Delta Goes Green, Will Ditch Plastic Straws and Stir Sticks

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Delta Goes Green, Will Ditch Plastic Straws and Stir Sticks

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Just because you’re burning up thousands of gallons of gas to fly through the sky doesn’t mean you can’t do your part. Delta told the Star Tribune on Wednesday it will get rid of single-use plastic straws, and coffee stirrers from its flights and SkyClub lounges. In their place, the airline will use bamboo and birchwood utensils.

Delta is also scrapping the plastic wrap it uses on amenity kits in Delta One and first class cabins. And it will replace styrofoam cups and plastic silverware in SkyClubs with biodegradable alternatives – something it started at its Minneapolis-St. Paul (MSP) SkyClub way back in 2015.

By making the switch to greener alternatives, Delta expects to prevent 300,000 pounds of plastic waste each year. That’s a lot of straws – and it will cost the airline money to save it.

“Our investment is worth it,” said Christine Boucher, the airline’s managing director of sustainability and compliance. Companies across the world are moving this way in an effort to cut down on their contributions to landfills. And that includes airlines, many of whom beat Delta to the punch.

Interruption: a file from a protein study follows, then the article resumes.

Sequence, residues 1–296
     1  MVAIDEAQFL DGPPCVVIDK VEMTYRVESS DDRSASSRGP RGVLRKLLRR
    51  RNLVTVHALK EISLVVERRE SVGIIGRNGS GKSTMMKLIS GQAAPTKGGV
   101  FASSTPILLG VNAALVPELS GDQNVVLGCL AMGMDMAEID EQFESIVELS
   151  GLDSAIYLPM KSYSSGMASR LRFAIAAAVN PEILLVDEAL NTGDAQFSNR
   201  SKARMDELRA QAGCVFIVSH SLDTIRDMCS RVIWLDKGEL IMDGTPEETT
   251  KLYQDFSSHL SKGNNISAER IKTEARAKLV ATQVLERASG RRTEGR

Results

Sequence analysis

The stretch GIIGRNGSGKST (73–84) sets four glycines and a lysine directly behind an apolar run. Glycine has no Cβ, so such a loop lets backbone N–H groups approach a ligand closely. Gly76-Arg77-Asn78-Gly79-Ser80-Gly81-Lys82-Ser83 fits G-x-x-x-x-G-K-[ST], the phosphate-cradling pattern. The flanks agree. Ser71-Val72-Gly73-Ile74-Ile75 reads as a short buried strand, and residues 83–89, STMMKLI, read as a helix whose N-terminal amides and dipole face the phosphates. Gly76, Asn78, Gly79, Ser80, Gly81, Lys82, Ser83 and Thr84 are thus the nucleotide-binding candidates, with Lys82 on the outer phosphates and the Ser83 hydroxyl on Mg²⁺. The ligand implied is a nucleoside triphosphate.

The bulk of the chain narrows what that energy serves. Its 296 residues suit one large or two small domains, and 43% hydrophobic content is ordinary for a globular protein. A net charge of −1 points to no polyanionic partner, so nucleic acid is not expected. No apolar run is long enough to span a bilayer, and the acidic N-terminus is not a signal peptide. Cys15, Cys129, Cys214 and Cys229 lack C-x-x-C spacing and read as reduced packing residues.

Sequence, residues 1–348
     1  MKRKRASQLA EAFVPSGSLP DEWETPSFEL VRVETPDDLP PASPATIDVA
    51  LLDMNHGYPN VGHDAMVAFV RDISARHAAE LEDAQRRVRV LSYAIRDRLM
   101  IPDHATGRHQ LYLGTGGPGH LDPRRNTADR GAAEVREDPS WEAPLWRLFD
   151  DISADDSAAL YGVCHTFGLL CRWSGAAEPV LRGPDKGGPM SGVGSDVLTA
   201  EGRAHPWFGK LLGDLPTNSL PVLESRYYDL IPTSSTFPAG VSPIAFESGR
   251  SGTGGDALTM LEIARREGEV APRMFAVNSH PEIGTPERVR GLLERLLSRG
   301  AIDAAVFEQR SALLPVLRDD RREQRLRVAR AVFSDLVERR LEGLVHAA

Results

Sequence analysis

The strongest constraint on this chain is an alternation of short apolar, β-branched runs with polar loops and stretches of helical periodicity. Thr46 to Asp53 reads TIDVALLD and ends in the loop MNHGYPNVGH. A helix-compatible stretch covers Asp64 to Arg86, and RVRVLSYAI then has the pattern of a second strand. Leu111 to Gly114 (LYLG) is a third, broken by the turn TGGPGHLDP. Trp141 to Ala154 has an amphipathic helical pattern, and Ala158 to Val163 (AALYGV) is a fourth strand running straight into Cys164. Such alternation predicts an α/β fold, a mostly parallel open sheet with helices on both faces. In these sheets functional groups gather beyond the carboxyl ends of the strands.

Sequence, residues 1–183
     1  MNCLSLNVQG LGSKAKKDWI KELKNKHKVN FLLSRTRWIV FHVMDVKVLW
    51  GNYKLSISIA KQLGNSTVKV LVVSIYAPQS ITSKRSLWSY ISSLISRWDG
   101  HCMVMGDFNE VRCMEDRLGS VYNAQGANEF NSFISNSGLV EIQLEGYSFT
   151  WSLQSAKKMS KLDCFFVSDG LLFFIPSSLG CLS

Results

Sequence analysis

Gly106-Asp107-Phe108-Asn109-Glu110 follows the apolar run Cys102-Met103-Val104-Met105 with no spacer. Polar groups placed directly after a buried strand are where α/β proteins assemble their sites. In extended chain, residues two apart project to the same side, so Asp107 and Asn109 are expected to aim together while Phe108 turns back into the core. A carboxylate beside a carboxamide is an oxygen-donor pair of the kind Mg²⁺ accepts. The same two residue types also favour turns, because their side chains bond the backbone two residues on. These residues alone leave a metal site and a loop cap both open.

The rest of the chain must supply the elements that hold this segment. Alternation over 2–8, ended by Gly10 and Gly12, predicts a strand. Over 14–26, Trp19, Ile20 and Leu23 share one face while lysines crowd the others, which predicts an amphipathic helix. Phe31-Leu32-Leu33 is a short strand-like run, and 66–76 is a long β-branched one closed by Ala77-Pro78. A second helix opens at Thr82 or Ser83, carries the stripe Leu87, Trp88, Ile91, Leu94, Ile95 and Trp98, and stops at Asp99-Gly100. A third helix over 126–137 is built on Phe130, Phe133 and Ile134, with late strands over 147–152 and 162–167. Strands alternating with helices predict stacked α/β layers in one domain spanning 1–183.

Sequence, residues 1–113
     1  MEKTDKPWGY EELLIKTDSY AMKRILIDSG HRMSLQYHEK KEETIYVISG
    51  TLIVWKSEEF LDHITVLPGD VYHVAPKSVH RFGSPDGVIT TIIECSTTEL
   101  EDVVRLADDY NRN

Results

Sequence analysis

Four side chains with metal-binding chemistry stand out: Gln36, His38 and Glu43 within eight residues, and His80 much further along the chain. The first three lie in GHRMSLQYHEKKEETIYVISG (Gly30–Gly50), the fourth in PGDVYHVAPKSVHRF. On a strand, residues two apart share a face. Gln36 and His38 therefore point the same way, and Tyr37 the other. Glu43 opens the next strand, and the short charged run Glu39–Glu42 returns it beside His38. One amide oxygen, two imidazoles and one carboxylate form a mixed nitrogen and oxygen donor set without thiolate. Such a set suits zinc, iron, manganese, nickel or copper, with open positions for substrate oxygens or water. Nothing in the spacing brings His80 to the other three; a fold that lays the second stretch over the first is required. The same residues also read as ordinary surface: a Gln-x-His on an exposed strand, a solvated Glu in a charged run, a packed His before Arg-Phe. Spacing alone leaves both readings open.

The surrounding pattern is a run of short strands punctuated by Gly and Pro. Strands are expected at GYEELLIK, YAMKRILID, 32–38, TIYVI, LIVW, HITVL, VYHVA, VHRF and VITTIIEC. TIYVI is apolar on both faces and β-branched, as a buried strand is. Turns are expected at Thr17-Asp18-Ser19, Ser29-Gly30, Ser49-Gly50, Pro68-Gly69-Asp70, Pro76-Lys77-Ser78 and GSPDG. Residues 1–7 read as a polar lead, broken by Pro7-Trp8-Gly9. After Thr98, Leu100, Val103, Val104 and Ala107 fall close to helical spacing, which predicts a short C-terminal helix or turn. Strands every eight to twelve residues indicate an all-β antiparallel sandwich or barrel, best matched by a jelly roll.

Alaska Airlines was the first U.S. airline to ditch plastics in May. American Airlines followed suit in July. And then United joined the pack with a ban last month.

But Boucher insisted Delta isn’t simply playing follow the leader, as major airlines did over the summer and fall by raising checked bag fees from $25 to $30. Delta stopped using plastic-wrapped utensils for international flights in April.

“It's really not a reaction,” Boucher said. “We have been working on this single-use plastics reduction for close to two years now.”

 

Bottom Line

Airlines deserve some credit for following the trend of ditching plastics in favor of environmentally-friendly replacements. Let’s just hope Delta and their competitors don’t stick consumers with the tab for the switch.

 

Lead photo courtesy of Chris Lundberg via Flickr.

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